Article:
Most common is a darkening of the pigmentation of the upper and lower eyelids. This appears as a purplish discoloration in these areas, and is possibly permanent. One woman reported such a discoloration on her upper lids, but was not concerned because it looked more like eye shadow than anything else. She did get worried when it appeared as darkened areas under her lower eyelids. This type of discoloration may or may not fade with discontinuation of the product and passage of time.
Another possible side effect is the potential for darkening or browning of the iris of the eye – it could, in fact turn your blue or green eyes brown, and this change is deemed likely permanent.” Couple this with the reddened, bloodshot appearance of the whites of the eyes, and this becomes a pretty grim prospect. Possible unwanted hair growth has been noticed in customers who have been a little careless in applying the product, and have gotten it on their skin. In fact, as part of the product information, the customer is advised to blot off any unwanted liquid from areas other than the upper eyelid.
Is Latisse for Eyelash Growth Right for You?
First and foremost, don’t forget that Latisse is a drug for cosmetic use that technically requires a physician’s prescription to obtain. It is not just another cosmetic product sold over the counter. In 2009, total sales of Latisse came to $73.3 million, and reached $140 million in 2010. Future sales are anticipated to reach over $500 million per year. There are risks involved, but over 11 million customers and scientific studies indicate that the occurrence of side effects is rare.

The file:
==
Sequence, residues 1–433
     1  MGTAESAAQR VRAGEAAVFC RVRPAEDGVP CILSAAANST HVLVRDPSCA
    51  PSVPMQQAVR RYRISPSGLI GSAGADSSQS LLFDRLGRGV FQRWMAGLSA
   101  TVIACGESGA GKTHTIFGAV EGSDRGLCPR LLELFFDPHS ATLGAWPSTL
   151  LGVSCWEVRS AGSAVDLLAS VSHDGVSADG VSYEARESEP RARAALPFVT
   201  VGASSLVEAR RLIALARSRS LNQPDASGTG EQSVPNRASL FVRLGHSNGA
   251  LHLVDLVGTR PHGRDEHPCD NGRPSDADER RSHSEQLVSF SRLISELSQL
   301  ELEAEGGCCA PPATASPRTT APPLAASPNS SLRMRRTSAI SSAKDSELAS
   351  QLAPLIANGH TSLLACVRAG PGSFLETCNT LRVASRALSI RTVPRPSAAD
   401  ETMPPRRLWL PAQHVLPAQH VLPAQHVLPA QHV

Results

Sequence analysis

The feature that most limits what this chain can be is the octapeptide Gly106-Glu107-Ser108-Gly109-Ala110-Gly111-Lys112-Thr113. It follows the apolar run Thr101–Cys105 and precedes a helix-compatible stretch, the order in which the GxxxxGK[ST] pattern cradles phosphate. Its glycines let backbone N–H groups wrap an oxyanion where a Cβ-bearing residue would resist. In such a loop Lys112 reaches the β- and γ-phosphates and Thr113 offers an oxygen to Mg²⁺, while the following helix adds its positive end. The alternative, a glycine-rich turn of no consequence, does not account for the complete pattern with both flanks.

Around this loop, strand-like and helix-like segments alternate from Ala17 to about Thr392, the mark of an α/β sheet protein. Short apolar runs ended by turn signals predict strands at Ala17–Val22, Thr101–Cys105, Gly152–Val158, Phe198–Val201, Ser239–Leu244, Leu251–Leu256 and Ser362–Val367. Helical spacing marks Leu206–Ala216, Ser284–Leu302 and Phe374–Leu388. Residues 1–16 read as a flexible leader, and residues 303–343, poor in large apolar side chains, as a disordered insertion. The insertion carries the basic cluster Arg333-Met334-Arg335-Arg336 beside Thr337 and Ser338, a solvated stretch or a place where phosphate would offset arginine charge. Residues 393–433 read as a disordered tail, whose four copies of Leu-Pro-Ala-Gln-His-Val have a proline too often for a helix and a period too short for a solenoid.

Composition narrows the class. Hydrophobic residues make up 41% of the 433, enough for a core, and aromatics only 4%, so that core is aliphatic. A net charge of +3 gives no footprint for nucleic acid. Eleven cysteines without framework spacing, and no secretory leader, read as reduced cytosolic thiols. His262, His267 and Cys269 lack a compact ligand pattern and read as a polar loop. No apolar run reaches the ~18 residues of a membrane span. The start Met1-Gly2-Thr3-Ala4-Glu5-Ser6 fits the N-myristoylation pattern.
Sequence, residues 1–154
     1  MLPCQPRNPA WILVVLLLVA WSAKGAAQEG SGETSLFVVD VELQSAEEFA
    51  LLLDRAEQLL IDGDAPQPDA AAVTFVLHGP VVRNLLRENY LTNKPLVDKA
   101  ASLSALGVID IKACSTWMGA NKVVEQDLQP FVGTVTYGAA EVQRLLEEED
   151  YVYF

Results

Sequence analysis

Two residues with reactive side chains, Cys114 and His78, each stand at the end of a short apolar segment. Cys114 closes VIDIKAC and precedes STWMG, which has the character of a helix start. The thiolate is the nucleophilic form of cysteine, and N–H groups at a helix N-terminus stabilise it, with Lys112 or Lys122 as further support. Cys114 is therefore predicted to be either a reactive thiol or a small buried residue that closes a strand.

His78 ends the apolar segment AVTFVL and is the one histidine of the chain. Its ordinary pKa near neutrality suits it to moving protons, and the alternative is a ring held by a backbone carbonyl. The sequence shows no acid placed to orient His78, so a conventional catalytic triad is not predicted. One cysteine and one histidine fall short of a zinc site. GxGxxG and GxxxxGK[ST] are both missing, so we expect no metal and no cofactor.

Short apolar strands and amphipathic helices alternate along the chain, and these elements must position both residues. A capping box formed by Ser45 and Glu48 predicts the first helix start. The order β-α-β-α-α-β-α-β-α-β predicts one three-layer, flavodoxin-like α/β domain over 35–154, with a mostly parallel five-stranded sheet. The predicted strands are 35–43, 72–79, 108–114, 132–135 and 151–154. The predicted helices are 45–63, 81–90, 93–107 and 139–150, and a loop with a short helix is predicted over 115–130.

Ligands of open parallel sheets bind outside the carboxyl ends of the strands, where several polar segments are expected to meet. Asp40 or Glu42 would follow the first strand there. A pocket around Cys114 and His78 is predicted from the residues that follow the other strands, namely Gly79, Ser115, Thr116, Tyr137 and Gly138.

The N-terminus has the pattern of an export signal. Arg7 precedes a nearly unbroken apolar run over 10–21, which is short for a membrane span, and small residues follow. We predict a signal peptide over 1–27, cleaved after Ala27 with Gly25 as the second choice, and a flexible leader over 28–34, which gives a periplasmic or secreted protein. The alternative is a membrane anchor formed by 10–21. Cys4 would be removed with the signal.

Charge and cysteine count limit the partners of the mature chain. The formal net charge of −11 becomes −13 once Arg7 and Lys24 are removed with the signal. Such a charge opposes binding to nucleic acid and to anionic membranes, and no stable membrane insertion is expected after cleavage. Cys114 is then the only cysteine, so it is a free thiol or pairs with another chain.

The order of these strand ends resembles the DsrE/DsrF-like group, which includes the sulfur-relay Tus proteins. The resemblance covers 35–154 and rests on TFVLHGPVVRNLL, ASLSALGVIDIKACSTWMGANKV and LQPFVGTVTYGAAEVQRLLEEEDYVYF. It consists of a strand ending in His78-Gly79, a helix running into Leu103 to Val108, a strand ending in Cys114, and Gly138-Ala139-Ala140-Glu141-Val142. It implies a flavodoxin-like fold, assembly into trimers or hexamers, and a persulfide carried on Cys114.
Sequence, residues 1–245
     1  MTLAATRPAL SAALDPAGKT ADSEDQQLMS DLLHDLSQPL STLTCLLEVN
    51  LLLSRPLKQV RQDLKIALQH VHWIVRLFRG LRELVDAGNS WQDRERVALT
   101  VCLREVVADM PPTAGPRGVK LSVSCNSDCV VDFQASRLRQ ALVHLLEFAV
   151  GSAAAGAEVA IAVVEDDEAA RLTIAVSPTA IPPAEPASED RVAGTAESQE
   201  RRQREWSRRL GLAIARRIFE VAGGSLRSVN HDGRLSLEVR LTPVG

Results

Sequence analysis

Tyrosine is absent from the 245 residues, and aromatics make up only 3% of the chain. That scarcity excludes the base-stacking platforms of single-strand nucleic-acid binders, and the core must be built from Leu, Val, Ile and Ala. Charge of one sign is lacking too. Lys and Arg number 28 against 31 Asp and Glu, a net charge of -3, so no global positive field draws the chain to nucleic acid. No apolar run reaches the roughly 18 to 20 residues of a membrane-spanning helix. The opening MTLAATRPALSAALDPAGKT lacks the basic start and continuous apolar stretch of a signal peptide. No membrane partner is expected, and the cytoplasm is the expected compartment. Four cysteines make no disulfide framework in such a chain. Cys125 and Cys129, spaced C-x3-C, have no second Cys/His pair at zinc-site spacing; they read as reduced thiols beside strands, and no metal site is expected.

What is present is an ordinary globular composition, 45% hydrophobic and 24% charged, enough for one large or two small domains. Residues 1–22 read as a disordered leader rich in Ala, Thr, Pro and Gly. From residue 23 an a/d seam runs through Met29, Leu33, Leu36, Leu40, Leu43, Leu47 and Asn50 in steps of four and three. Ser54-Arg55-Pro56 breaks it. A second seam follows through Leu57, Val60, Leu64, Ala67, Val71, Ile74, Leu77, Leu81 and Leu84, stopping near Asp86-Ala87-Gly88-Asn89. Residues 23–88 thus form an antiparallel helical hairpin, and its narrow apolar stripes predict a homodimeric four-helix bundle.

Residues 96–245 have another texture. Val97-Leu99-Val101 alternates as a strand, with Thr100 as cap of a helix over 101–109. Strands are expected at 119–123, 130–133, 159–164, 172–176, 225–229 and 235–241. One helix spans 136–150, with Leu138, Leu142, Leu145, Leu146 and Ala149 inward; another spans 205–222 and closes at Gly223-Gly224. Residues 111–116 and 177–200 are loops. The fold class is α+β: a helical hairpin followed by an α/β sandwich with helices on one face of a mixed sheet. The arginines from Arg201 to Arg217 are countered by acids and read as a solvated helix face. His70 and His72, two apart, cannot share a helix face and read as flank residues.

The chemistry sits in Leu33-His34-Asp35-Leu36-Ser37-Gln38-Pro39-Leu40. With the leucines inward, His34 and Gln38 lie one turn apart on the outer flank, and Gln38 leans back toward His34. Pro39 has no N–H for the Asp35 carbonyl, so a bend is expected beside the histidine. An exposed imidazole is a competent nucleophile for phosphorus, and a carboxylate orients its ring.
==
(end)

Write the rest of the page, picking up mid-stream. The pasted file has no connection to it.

Take into consideration that, like any drug, there are some people who will not be able to use Latisse for eyelash growth due to pre-existing conditions, medication use, or allergies. This only emphasizes the need to consult a physician before using Latisse.
Next, carefully consider the possible unwanted side effects that could occur, weighing them against the benefits. If a person has brown eyes, they might not care if they get a little browner, but if someone has a unique eye color– for instance Elizabeth Taylor’s violet eyes – the risk of color change may be too great, no matter how slight it may be.
Latisse for eyelash growth offers amazingly lush, thick, dark lashes, and has been deemed quite safe for use for this cosmetic purpose by the FDA. The choice to use it or not should be carefully considered based on all of the facts available as well as whether it is affordable in the long term.